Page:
The Government of India(GOI) through The Finance Act, 2021 rolled out the new Section 194Q in the Income Tax Act, 1961 for providing TDS on purchase of goods w.e.f. 1st July’ 2021.
Basically, this new section 194Q of the IT Act mandatorily requires a buyer who is responsible/liable to pay any sum to any resident (i.e. seller) for the purchase of goods having a value exceeding Rs. 50 lakh in any year, to deduct tax at source equals 0.1% of such sum exceeding Rs. 50 lakh. The I-T Department has made the provision of this section providing TDS on purchase of goods applicable with effect from 1st July 2021.
The Finance Ministry rolled out similar provision Section 206C(1H) for TCS last year vide the Finance Act, 2020, and thus the Section 194Q is very similar to the provisions of Section 206C(1H) of the Act.
In this blog, we will discuss in detail regarding provisions of Section 194Q of the IT Act.
Overview: Section 194Q of the IT Act
For the sake of reference relevant portion of Section 194Q of the IT Act is reproduced as under
On analyzing the provisions of section 194Q of the Act, the same can be briefed as under:
A buyer shall be liable to deduct TDS on the purchase of goods, if
- Total value of goods purchased exceeds50 Lakh.
- Gross sales/ receipt/ turnover of buyer’s business exceeds 10 Crore in a financial year immediately preceding the year in which goods are purchased that is the financial year under consideration.
- Supplier shall be a Resident of India.
What would be the Point of Deduction of TDS under section Section 194Q of the IT Act?
The buyer is required to deduct TDS under section 194Q of the IT Act up to earlier of the following dates –
- When the amount is credited into the seller’s account, or
- When the amount is paid to the seller for the specified goods purchased.
What is Rate of TDS for the purpose of Section 194Q of the IT Act?
In case when the seller has provided his PAN or Aadhaar, the specified buyer is required to deduct TDS on the goods purchased under Section 194Q @0.1% of the purchase value above Rs.50 Lakh. However,if the the seller has not provided his PAN or Aadhaar, TDS would be deducted @ 5%.
What is the meaning of “goods” for the purpose of Section 194Q of the IT Act?
The term ‘goods’ is very wide in its scope and nature. However, The Income Tax Act has not defined the term “goods” and In common parlance, we can say that any things or products which come into the market are goods.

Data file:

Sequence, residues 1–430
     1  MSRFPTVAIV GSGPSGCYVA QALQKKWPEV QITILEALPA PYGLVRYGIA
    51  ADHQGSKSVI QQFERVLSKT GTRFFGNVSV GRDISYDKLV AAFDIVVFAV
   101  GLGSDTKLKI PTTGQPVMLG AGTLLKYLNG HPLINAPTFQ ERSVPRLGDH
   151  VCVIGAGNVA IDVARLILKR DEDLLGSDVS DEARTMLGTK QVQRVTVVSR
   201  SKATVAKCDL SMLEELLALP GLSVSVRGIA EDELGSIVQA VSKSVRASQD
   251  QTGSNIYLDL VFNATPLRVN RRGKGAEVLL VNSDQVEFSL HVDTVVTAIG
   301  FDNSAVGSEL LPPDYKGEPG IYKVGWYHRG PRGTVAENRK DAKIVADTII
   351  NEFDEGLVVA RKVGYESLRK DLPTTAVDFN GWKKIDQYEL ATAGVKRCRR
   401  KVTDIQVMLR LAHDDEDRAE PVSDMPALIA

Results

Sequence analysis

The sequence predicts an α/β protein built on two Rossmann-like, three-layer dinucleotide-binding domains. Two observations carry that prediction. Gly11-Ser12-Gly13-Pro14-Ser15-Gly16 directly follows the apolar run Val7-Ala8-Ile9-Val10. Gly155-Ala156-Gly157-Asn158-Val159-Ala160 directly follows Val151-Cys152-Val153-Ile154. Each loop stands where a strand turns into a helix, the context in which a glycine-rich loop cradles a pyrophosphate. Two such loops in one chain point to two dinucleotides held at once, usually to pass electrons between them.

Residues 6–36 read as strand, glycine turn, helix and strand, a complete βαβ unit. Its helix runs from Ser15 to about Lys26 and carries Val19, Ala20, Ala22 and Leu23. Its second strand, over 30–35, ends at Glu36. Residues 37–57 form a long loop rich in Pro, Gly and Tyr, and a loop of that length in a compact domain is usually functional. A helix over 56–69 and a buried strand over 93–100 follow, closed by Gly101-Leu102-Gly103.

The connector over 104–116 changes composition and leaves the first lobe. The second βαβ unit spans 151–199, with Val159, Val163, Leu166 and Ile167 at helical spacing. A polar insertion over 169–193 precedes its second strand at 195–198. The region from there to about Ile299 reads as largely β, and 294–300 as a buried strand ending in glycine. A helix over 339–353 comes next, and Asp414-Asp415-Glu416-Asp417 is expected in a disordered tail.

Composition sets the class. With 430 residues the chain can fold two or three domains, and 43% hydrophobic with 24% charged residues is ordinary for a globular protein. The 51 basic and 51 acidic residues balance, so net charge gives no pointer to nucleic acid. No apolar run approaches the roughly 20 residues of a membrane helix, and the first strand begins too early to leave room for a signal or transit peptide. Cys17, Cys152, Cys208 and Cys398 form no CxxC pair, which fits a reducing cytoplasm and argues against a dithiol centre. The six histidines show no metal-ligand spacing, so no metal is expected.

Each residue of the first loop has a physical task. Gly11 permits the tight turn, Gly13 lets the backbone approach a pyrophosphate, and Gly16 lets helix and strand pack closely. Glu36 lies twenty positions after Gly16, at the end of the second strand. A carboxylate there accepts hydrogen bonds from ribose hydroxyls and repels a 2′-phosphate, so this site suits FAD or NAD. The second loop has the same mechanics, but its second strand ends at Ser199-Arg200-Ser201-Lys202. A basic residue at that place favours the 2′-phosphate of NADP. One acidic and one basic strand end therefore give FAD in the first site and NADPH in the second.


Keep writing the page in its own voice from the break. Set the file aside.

Now, the question comes that what is the meaning & definition of the term goods in the absence of any definition of goods under the Income Tax Act. Thus, we have to interpret the meaning of goods from the definitions provided under the two laws relating to goods that are Sale of Goods Act, 1930 and Central Goods and Services Tax, 2017.
Since the CGST Act deals with the tax on supply of goods while Sale of Goods Act deals with selling of goods. Therefore, we can say the definition of Goods provided by the Sale of Goods Act, 1930 can be referred for Section 194Q of the IT Act. Consequently, goods contain movable properties only.
Implications of not complying Section 194Q of the IT Act
According to Section 40a(ia) of the IT Act, 1961, if a buyer fails to deduct TDS as per section 194Q of the IT Act then he shall not be allowed to claim expenditure incurred on purchase of goods up-to 30%.
When specified buyer is not required to deduct tax at source under section 194Q of the IT Act?
A specified buyer is not required to deduct TDS under Section 194Qof the IT Act in the following 2 conditions –
- When the TDS is required to be deducted under any other provision of the I-T Act, or
- When the TCS is required to be collected under section 206C of the Act, 1961, excluding the transactions on which TCS is required to be collected under Section 206C(1H) of the IT Act.
Applicability of either of Section 194Q and Section 206C (1H)of the IT Act
The most frequently asked question related to section 194Q is that who shall be liable for TDS or TCS on a transaction which is covered under both Sections 194Q and Section 206C(1H)?
Section 194Q clause 5 clearly answers this. It states that when a buyer is liable to deduct TDS on a transaction under Section 194Q then the seller shall not be liable for the collection of tax on the same transaction under Section 206C(1H) of the IT Act. However, when the buyer fails or defaults to deduct TDS as per section 194Q of the IT Act then the responsibility to collect the tax shall get shifts to the seller under section 206C(1H) of the IT Act.
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